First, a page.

Today as I was walking to work I saw two elderly women walking across the street. They were dressed in white Capri pants, floral shirts and colourful but comfortable sandals. They were probably someone’s grandmothers. It made me think about my grandmother, and just as I did I felt a shock go through me. I couldn’t remember if I had thought about her yesterday. I am pretty sure that I think about her everyday. I used to tell people that not one day has passed since March 31st, 2008 that I do not think about her, but for some reason I couldn’t remember if I had thought about her yesterday and that made me terribly sad.
My parents split when I was young. My grandmother helped raise me. She lived about a half hour away, but she was the one that watched us on days off from school, or if we were sick on a school day, and my sister and I spent a big chunk of the summer playing in her yard and not our own. She spoiled us rotten, like we could do no wrong, and I’m sure in her eyes we could not.
She was not like traditional grandmothers. You wouldn’t see her in white Capris and floral shirts. Often you would find her in an old tee-shirt with a spot on it. Her hair was never perfectly coiffed, frequently her perm was grown out and frazzled looking. She didn’t knit or play bridge or mall walk with the other old ladies. She took us to the CNE, out to pick berries, on subway rides to the Eaton Centre and once on a road trip to Winnipeg. No, she was not like other grandmothers. She did bake, however when ever she would drop by with a pie or some other dessert there would be a sliver of it missing. She would tell us that she needed to taste it before serving it to us. I wish she had remembered to do this before she baked the lemon meringue pie sans sugar.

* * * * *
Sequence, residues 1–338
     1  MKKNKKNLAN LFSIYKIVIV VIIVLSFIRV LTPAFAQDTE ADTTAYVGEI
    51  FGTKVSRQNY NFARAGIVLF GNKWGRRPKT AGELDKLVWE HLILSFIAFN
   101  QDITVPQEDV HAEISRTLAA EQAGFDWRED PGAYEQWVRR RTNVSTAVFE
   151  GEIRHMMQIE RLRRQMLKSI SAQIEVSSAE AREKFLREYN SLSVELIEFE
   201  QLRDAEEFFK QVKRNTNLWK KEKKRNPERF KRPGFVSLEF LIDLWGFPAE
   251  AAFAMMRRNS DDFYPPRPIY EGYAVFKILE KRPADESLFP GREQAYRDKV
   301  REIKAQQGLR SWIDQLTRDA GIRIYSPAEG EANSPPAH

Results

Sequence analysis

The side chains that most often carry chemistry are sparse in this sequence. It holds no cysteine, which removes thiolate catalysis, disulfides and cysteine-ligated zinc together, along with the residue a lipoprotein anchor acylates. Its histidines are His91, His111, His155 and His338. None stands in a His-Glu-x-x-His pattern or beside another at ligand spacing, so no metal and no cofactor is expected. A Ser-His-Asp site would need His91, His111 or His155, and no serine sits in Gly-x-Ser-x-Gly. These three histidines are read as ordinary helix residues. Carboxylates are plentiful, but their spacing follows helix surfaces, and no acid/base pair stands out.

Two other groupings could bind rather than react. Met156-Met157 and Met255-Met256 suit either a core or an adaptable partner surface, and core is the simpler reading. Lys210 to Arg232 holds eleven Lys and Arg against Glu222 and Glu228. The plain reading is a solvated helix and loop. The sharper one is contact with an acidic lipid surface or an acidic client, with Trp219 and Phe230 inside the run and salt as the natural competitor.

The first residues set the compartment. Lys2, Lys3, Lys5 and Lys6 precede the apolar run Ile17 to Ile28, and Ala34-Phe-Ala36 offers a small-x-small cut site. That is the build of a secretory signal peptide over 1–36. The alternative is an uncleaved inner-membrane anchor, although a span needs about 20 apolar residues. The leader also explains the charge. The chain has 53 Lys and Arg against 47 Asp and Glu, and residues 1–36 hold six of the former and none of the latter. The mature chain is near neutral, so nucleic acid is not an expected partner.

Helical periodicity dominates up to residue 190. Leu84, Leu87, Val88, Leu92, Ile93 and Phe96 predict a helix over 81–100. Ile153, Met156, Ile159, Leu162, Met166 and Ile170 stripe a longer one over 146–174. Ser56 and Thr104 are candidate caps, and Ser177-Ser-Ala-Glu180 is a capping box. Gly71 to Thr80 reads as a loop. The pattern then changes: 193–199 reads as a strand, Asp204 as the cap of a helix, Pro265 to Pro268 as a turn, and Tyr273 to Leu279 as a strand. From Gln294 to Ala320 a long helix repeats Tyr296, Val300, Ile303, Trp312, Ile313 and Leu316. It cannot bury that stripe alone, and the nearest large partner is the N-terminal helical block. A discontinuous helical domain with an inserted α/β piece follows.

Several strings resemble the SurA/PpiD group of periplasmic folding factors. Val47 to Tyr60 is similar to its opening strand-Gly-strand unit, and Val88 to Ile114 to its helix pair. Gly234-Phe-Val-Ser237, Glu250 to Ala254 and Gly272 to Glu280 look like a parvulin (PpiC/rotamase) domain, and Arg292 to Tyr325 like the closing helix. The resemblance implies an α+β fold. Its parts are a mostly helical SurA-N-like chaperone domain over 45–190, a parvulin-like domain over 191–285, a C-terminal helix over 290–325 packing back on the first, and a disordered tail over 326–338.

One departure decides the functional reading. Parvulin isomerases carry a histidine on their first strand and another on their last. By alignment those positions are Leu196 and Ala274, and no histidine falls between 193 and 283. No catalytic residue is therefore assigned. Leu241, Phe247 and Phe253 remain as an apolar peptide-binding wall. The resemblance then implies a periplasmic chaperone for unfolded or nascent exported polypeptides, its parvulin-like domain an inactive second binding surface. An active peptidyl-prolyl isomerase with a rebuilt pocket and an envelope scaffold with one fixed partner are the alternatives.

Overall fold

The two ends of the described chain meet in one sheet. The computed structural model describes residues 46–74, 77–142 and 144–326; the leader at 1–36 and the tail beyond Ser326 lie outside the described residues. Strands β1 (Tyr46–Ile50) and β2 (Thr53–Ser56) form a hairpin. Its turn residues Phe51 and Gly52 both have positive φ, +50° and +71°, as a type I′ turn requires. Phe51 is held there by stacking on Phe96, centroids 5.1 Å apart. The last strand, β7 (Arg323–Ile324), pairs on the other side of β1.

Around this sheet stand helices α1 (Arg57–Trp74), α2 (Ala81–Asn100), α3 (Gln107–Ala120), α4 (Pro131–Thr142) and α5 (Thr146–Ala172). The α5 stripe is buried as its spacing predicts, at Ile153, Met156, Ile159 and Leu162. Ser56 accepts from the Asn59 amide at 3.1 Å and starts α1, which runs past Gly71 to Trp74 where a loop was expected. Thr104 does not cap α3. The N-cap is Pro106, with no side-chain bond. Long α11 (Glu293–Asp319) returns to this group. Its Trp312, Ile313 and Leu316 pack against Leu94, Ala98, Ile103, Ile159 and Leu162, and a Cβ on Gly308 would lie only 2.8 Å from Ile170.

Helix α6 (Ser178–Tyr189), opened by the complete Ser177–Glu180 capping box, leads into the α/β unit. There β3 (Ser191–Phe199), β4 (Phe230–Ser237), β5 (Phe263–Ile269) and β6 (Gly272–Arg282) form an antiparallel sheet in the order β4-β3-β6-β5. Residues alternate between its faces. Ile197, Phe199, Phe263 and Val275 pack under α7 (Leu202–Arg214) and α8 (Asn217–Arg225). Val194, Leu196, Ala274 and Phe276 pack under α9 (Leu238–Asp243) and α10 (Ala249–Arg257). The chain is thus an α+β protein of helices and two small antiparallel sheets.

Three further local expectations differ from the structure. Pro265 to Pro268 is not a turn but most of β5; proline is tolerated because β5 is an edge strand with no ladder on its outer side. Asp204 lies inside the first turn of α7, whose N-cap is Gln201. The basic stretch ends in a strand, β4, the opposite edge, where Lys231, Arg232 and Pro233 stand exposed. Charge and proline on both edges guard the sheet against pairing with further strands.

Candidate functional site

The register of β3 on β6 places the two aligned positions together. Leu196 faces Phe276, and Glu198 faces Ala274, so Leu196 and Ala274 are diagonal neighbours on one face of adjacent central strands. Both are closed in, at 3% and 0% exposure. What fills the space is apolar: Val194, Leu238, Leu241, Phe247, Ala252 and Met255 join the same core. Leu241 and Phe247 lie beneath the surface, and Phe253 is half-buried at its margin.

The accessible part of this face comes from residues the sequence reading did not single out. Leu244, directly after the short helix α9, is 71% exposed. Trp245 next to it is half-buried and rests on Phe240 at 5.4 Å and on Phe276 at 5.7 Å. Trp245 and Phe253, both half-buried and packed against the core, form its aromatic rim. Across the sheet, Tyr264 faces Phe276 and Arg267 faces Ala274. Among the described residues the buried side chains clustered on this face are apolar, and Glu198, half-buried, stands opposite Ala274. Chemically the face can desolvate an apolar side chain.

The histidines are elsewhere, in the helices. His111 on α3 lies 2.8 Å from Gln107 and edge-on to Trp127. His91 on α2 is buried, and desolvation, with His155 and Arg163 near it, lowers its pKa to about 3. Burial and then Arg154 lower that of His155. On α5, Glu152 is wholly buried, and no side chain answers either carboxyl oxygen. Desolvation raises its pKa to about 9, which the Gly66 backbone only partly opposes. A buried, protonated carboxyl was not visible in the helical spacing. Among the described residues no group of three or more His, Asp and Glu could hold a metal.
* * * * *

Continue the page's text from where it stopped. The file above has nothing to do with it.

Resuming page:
She loved sweets though, and loved sharing them. After we moved to Niagara, and our house was 5 minutes down the road from hers my friends and I would drop by and she would load us up with candy bars and gum. She kept them in the vegetable crisper in her fridge and you were never allowed to leave her house without at least one chocolate bar, usually two. She taught me to drive, she taught one of my friends to drive. She taught me how to make the perfect pie crust, fostered my love of lilacs, took me to my first game of Bingo and never ceased to make me feel like I was the most important thing in the world to her. Even though the pain of losing her might be lessening, and I might not think of her everyday, I will never, ever forget her.